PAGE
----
In a petition gathering more pace then the flow of traffic down Curzon Street, they state, “A large part of Calne, covering most of the town centre, has been designated an Air Quality Management Area due to pollution levels well in excess of Government limits for Nitrogen Dioxide and Particulates (small particles in the air). Both these pollutants emanate from road traffic and can be very damaging to human health. It has been estimated that this level of pollution contributes to the premature death of nine people in Calne every year.”

“Air pollution is exacerbated by traffic congestion, which is a particularly significant issue at the give-and-take system between Oxford Road and Curzon Street. This bottle-neck effectively cuts the town in half during peak periods, with significant delays to journey times.”

“Curzon Street’s bottle-neck is bonkers,” I expressed to Tom Morris of Calne Labour, in a manner only I would.

Tom agreed, but added, “for pollution it’s worse in New Road, due to HGVs on the A4.”

Often infrastructure issues in our market towns can seem impossible to solve, in Devizes we slapped a plaster on a served limb. Please sign this petition and hope some professional advisors can solve the riddle, because getting stuck in traffic is annoying, but considering the environmental and health implications of doing nothing is another.



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The Dub of Subject A; Writer’s Eyes

On dub experimentation, with Erin Bardwell and Dean Sartain, we review the new Subject A album.


Post-it Notes, penicillin, microwave ovens, Coca Cola and dub; all invented by accident. Kingston, Jamaica, 1968, Ruddy Redwood popped into Duke Reid’s Treasure Isle studio to cut a version of The Paragons’ rock steady tune, “On the Beach.” The engineer, Byron Smith accidently omitted the vocals.

Principal producer, Bunny Lee noted the enthusiasm of the crowd, as DJ Wassy toasted over the instrumental at Ruddy’s sound system dance. To get the upper-hand over rival Coxsone Dodd, the following day, Bunny instructed his sound engineer, Osbourne Ruddock to record instrumental “versions.”


In 1989, returning home from the studio, Ruddock was murdered. The assassin made off with his gun and gold chain. The music industry robbed of one of the most pioneering, creative minds ever, known to the world as King Tubby. For his creation, dub, was more than reggae instrumentals. First to vision the mixing desk as an instrument, his techniques such as “rolling the stone,” predate drum & bass by thirty years, his self-built studio with a high-pass filter he termed “the big knob,” produced narrowing sweeps of signals, twenty-five years prior to acid house, and his popularity saw a rise in sound system culture, which DJ Kool Herc would export to New York’s funk audience, creating hip hop.

By the eighties dub was both a subgenre of reggae and a remix term across the board of electronic music. Either way it’s wildly experimental, yet I feel while the style of dubstep endures techniques of delays, echoes and reverbs, it’s lost its way somewhat when it comes creativity. Perhaps it’s just me, that I’ve not heard enough. I put it to Erin Bardwell, who agreed, he hasn’t heard enough dubstep to pass judgement.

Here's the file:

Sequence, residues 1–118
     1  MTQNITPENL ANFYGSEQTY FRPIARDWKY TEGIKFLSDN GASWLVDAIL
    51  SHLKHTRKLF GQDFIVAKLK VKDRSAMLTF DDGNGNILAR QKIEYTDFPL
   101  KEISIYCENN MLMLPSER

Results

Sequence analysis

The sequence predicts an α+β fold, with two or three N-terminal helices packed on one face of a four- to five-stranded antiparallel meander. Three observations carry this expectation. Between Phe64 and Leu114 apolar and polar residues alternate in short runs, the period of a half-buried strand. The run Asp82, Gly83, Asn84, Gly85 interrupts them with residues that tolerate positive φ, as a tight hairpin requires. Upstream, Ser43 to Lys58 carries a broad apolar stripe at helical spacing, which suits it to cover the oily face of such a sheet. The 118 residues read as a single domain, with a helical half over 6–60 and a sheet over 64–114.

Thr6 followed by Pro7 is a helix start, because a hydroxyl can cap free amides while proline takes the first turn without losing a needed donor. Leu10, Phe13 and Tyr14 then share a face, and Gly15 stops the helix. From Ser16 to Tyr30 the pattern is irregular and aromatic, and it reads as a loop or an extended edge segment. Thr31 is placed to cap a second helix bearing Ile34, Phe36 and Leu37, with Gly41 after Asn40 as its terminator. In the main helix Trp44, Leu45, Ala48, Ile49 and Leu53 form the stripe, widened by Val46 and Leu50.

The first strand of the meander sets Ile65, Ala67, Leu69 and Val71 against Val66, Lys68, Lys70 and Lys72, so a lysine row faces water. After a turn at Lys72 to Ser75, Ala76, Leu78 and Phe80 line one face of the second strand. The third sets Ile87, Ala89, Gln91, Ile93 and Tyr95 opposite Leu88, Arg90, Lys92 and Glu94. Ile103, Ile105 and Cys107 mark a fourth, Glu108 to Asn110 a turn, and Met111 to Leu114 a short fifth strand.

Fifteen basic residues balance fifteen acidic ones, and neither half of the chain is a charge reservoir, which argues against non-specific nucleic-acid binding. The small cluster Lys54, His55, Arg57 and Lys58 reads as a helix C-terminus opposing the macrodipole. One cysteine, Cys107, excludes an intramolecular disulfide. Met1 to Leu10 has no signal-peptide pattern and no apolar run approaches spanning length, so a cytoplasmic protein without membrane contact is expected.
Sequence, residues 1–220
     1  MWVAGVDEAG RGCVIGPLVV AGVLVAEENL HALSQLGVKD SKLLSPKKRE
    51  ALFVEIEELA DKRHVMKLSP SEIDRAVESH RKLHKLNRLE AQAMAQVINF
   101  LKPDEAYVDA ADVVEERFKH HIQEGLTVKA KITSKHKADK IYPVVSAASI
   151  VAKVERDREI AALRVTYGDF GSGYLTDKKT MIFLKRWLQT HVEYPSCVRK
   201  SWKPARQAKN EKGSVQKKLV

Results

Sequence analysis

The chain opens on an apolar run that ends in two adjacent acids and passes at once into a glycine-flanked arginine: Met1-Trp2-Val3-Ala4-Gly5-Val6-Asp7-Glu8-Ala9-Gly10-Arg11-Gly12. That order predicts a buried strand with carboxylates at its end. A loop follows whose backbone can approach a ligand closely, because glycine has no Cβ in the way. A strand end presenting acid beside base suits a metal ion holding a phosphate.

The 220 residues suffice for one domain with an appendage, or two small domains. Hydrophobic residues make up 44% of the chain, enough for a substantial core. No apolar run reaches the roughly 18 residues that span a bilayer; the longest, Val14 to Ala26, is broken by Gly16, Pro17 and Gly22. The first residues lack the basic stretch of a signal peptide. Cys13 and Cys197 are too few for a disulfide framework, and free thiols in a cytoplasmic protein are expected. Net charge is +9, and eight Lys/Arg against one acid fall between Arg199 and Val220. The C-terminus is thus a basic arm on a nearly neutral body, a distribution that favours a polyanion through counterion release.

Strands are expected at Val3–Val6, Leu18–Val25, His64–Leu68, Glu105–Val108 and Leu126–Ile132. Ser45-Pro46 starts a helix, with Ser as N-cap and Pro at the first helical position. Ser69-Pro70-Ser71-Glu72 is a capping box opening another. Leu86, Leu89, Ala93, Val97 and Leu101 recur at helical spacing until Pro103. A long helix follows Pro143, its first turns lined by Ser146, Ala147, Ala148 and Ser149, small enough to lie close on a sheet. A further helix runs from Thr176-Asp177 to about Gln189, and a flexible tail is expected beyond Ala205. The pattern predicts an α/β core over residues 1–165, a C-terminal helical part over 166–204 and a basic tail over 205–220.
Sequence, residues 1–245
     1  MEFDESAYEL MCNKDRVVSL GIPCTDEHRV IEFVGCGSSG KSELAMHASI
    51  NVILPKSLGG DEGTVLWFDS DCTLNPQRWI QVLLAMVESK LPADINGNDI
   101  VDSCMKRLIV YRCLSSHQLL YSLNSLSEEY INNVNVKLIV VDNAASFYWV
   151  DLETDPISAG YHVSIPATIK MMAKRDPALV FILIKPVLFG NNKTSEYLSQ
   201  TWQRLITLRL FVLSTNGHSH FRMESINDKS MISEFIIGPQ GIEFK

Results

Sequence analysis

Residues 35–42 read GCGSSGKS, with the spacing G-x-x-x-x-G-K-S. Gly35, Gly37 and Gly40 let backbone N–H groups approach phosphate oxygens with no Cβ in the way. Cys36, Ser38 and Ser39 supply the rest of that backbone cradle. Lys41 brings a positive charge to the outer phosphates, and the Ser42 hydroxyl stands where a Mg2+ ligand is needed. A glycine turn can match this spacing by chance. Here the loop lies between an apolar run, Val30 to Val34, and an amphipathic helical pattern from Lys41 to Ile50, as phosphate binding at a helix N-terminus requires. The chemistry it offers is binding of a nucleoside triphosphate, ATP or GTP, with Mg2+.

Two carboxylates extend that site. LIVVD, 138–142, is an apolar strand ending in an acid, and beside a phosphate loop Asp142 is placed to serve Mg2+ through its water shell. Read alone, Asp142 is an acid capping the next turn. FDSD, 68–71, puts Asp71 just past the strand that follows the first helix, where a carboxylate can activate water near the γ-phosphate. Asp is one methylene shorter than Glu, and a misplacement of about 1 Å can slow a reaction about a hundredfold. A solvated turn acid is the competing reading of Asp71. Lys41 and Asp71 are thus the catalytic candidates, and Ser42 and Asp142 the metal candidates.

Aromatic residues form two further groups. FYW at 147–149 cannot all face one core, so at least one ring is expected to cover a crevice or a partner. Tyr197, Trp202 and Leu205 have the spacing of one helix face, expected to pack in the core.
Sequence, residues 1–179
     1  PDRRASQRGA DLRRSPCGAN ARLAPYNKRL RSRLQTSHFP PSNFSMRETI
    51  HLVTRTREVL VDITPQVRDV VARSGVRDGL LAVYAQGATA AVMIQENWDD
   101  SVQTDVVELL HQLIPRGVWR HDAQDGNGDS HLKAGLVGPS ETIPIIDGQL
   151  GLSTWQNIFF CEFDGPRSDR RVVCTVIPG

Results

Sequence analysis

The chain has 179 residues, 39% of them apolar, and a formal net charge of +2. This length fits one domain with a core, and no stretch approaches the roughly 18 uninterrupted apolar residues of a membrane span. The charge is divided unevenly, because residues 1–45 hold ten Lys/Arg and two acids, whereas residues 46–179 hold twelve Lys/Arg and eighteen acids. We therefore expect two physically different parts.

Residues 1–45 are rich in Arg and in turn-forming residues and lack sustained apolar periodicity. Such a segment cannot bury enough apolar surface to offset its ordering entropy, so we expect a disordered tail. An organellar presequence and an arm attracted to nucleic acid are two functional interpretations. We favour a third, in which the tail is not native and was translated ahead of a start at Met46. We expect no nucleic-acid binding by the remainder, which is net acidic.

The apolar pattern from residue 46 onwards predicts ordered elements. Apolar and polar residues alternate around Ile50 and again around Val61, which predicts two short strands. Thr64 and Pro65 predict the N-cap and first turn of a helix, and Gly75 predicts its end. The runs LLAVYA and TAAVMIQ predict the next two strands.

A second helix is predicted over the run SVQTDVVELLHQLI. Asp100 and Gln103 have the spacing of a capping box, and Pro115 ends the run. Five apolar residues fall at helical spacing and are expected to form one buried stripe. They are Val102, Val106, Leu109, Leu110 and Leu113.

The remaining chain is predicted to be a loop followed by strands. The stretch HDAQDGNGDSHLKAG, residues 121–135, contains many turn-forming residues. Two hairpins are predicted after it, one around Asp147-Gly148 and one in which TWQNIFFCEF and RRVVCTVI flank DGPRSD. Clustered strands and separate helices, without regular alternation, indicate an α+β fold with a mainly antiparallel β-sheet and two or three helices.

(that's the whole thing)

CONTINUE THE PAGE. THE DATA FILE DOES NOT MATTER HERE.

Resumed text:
Yet his dub project, Subject A, with ex-skanxter bassist, Dean Sartain, has just released a second album, “Writer’s Eyes.” It’s passionately experimental and uniquely distinctive. My initial reaction was, “it’s like they gave King Tubby a musical to produce!” In citing dub innovators, like Tubby and Perry, who pushed the boundaries, I told Erin, “that’s where this goes; nice one.”


“Hey,” he responded, “you get what we were trying to do!”


Omitting lyrics isn’t apparent on “Writer’s Eyes,” it’s opening track “It’s True,” echoes Sgt Pepper, with haunting female vocals, hardly replicating a skanking dub at all, rather drifting ambient house of The Orb. From the off you know you’re in for a musical journey, and the finale, wittily titled “Penhill Sunrise,” also gives me shivers of Sgt Pepper.

The following title tune, responds with the sort of mellowed reggae vibe akin to Swindon’s Great Western Reggae scene, which Erin Bardwell’s Collective revels, in a rock steady/boss style of yore. The vocals and atmosphere of the third tune, “Get Yourself into Light” though is where things take a jazz direction. “Miles Davis?” I put to Erin, if this hasn’t a hint of the evocative vocal of Johnny Cash too.

“We have jazz musicians involved for their skills,” Erin stated, “we were trying to create music which is unpredictable, which is what I thought jazz was, originally? With our natural reggae influences in there too.” Which Erin confessed, his hands can’t escape when a keyboard is put in front of him! I like it, as far as other influences are thrown into the melting pot, this doesn’t fundamentally lose reggae. Track four, “Hide Your Face,” upholds this, strictly dub-reggae akin to Augustus Pablo, so too with “Rising Tide.”